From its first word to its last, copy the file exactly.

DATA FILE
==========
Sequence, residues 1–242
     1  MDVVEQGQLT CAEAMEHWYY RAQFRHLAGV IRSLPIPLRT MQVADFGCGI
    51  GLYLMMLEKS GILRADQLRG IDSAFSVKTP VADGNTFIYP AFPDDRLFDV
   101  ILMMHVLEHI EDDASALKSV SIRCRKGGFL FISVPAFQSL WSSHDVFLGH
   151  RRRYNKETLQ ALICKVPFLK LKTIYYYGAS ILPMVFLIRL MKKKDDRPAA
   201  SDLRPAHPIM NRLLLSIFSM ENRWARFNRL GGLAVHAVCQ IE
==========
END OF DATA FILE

Sequence, residues 1–242
     1  MDVVEQGQLT CAEAMEHWYY RAQFRHLAGV IRSLPIPLRT MQVADFGCGI
    51  GLYLMMLEKS GILRADQLRG IDSAFSVKTP VADGNTFIYP AFPDDRLFDV
   101  ILMMHVLEHI EDDASALKSV SIRCRKGGFL FISVPAFQSL WSSHDVFLGH
   151  RRRYNKETLQ ALICKVPFLK LKTIYYYGAS ILPMVFLIRL MKKKDDRPAA
   201  SDLRPAHPIM NRLLLSIFSM ENRWARFNRL GGLAVHAVCQ IE